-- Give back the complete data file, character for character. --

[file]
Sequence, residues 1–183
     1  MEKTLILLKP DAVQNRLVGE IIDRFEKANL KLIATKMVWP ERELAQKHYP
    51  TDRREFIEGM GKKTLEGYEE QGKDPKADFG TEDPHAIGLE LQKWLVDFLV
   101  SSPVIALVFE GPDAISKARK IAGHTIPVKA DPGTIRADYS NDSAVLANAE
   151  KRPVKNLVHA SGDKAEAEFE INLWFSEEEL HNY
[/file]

Sequence, residues 1–183
     1  MEKTLILLKP DAVQNRLVGE IIDRFEKANL KLIATKMVWP ERELAQKHYP
    51  TDRREFIEGM GKKTLEGYEE QGKDPKADFG TEDPHAIGLE LQKWLVDFLV
   101  SSPVIALVFE GPDAISKARK IAGHTIPVKA DPGTIRADYS NDSAVLANAE
   151  KRPVKNLVHA SGDKAEAEFE INLWFSEEEL HNY